... was fated to lie in impatient helplessness during the remainder of the afternoon. Several fine flocks came in to the decoys; and La Salle, using the double-barrel first, and firing the huge duck-gun at long range, killed three, and sometimes four, out of each flock, while Kennedy groaned in anguish of spirit. At last he ...
— Adrift in the Ice-Fields • Charles W. Hall

... your hands above your head And wring your mouth in piteous wise Is not a plan," the Captain said, "With which I sympathise. And with your eyes to ape a duck That's dying in a thunderstorm, Because you deprecate your luck, Is ...
— More Cricket Songs • Norman Gale

... would exclaim (still no word being spoken by Rosa), 'you do surprise me when you speak of ducks! Not to mention that they're getting out of season and very dear, it really strikes to my heart to see you have a duck; for the breast, which is the only delicate cuts in a duck, always goes in a direction which I cannot imagine where, and your own plate comes down so miserably skin-and-bony! Try again, Miss. Think more of yourself, and less of others. A dish of sweetbreads now, or ...
— The Mystery of Edwin Drood • Charles Dickens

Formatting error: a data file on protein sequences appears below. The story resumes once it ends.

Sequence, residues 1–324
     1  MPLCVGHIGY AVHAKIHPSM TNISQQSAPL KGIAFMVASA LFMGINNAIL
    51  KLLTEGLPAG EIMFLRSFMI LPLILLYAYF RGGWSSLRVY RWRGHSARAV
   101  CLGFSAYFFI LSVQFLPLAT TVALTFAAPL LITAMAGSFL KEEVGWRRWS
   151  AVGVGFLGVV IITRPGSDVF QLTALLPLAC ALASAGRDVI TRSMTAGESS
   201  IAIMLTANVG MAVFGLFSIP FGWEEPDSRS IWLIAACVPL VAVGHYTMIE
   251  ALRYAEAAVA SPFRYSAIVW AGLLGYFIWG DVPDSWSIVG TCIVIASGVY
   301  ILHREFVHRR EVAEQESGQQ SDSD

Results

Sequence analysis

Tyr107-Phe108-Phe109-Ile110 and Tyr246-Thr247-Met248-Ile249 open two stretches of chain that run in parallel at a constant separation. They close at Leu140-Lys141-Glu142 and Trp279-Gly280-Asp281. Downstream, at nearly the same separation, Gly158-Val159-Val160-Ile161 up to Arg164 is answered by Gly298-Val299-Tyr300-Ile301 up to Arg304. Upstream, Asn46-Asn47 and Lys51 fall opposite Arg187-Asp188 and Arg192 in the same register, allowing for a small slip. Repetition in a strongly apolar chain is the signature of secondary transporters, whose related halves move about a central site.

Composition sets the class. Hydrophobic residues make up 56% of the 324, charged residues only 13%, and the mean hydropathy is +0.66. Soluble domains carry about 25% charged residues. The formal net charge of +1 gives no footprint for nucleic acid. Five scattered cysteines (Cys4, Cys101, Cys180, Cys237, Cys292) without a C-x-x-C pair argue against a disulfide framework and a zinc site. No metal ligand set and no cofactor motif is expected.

... a duck to water," said Long Jack, a grizzly-chinned, long-lipped Galway man, bending to and fro exactly as Manuel had done. Disko in the cabin growled up the hatchway, and they could hear him suck ...
— "Captains Courageous" • Rudyard Kipling

... with every apparatus for catching the gigantic cetacean. No whaler had ever been better armed. We possessed every known engine, from the harpoon thrown by the hand to the barbed arrows of the blunderbuss, and the explosive balls of the duck-gun. On the forecastle lay the perfection of a breech-loading gun, very thick at the breech, and very narrow in the bore, the model of which had been in the Exhibition of 1867. This precious weapon of American origin could throw with ease a conical projectile of nine pounds to ...
— Twenty Thousand Leagues under the Sea • Jules Verne